But the real life-changing moment, he recalled, was “when I first heard ‘See You Again’ on my hometown radio station. That was the first station I heard it on. That song obviously became a worldwide success. It’s the first song that people know me by and it’ll probably be the song that I close my shows with forever.”
At 24 and already having the best-selling single of the year to his name, Puth doesn’t let his success go to his head nor change the way he works. “It’s not like I received it at such a young age, where it went to my head and now I’m out of control. It didn’t happen overnight for me,” he explained. “It was persistent. It was skipping class, saving up money to New York City, pitching records to labels there, waiting outside the label doors and not being let in, calling the head of record labels, and pretending to my own manager.”
“It was a very humbling experience getting to what I consider not even the top yet. I think I’m 25 percent there. When I can sell out Taylor Swift’s number, then I’ll start to think, okay, maybe I’m getting somewhere. But right now I’m still in an uphill battle.”
If anything, his achievements so far is what keeps him going. “My biggest goal is to write as many number ones as Max Martin (Swedish producer behind “I Want It That Way”, “Blank Space”, “Can’t Feel My Face” and more). So I’ve had many number ones but I want another number one. Then after that I want another number one. And then I wanna buy a house and write another number one in there. The next number one will buy another house and so will the next one. Then I’m not gonna tell anyone where I live and I’m just gonna make number ones everywhere.”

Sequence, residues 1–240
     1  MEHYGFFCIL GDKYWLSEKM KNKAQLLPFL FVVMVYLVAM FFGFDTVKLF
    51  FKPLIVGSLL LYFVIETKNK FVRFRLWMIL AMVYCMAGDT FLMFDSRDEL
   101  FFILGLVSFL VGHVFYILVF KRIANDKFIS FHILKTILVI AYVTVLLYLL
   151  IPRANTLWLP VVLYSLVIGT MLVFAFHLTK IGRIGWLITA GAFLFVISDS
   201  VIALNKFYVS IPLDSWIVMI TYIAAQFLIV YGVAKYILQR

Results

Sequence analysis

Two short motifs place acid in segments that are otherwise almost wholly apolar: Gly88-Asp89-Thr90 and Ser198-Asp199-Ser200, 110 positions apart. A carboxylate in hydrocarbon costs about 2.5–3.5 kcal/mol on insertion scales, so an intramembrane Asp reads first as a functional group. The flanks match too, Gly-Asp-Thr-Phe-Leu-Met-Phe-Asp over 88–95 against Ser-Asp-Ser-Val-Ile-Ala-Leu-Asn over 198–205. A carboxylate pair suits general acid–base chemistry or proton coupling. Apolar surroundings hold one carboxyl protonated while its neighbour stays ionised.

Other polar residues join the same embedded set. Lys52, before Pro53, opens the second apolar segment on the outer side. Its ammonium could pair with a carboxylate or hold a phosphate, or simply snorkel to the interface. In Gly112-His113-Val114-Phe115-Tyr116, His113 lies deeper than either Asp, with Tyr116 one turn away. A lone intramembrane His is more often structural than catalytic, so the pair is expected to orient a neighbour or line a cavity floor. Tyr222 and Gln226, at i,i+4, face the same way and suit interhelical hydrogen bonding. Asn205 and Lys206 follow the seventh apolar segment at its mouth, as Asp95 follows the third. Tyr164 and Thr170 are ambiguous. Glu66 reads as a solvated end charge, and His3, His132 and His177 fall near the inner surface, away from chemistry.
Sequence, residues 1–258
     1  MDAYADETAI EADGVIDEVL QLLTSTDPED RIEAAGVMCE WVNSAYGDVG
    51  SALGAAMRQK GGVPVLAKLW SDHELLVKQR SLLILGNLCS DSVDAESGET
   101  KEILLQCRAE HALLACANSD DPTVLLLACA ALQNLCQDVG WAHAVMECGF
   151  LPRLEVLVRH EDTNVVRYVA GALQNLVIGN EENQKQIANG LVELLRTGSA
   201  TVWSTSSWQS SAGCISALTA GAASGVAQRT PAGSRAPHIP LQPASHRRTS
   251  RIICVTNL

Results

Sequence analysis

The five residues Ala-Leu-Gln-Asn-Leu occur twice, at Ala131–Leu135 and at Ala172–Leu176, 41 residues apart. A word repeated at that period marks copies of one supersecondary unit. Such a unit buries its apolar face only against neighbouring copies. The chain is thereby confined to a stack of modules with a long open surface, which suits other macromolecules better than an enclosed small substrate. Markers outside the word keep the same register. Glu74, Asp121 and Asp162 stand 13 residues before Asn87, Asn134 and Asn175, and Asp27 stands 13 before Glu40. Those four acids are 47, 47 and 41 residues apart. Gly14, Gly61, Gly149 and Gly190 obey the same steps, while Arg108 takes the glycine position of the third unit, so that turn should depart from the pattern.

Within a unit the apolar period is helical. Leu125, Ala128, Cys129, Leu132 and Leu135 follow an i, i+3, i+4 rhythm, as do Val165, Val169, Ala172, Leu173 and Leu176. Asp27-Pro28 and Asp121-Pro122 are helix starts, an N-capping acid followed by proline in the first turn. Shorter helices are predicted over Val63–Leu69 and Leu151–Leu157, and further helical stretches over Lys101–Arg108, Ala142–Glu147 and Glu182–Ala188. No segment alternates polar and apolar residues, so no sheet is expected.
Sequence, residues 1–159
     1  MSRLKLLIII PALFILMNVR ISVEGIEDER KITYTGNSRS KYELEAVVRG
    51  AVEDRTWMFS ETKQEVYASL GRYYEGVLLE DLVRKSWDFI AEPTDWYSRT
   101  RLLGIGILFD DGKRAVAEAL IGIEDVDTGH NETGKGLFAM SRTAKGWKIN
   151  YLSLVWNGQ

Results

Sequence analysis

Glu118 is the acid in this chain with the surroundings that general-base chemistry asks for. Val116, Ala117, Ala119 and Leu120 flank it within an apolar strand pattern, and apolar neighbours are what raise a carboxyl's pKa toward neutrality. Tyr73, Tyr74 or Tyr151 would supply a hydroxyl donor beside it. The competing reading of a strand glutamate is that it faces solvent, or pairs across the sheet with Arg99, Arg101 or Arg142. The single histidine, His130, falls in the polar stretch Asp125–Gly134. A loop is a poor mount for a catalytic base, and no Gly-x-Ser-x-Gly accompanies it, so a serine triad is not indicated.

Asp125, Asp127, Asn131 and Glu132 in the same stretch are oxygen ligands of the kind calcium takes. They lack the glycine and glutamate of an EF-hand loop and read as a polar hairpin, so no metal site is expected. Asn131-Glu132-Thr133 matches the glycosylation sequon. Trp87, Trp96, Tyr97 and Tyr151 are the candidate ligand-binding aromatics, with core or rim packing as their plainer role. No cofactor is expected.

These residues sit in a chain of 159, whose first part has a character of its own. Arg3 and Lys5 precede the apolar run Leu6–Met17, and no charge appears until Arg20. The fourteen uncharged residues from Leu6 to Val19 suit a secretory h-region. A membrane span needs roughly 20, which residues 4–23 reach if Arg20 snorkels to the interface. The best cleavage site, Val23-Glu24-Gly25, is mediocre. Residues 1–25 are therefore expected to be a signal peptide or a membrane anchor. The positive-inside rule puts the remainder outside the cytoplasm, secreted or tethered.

A joke? A promise? Sitting there, seeing Puth put it with so much gravity, and knowing now that he can literally hear new hits in the air, we think he might just be able to do it in a 5 years’ time.
While Puth didn’t let us in on the details on his next album and the two songs he’d already recorded for it, the classically-trained Berklee graduate suggested fans can expect to hear more jazz and classical elements in his music. “My whole goal is to secretly sneak jazz and classical music into pop music, kind of trick people into liking jazz again because, well, in France everybody listens to jazz and people in Thailand love jazz, too, but not enough people appreciate it. Maybe they silently do but I’m trying to spread the word about jazz and classical music because they’re literally where everything has come from.”
We won’t be surprised if more high-profile collaborations are in the pipeline. Puth revealed Ariana Grande, Zayn, Michael Bolton and Boyz II Men are some of the artists he’d love to work with. “They’re fantastically talented. I’d love to collaborate with anyone who’s making really different stuff and pushing the boundaries.”
Considering his previous dream-team collaborations with Wiz Khalifa, Meghan Trainor and Selena Gomez, we say anything is possible.
For aspiring artists out there, and still for himself, persistence is key. “When people say no, you say, ‘okay, I respect your opinion but you’re wrong. I’m gonna continue doing things my way’. And when someone says that you can’t do something, you don’t hold a big ball of arrogance when you eventually do what they doubt you. You don’t rub it in their face. You still remain friendly with them but just realise you’ve made yourself proud, give yourself a silent pat on the shoulder, and know that you’re there for a reason.”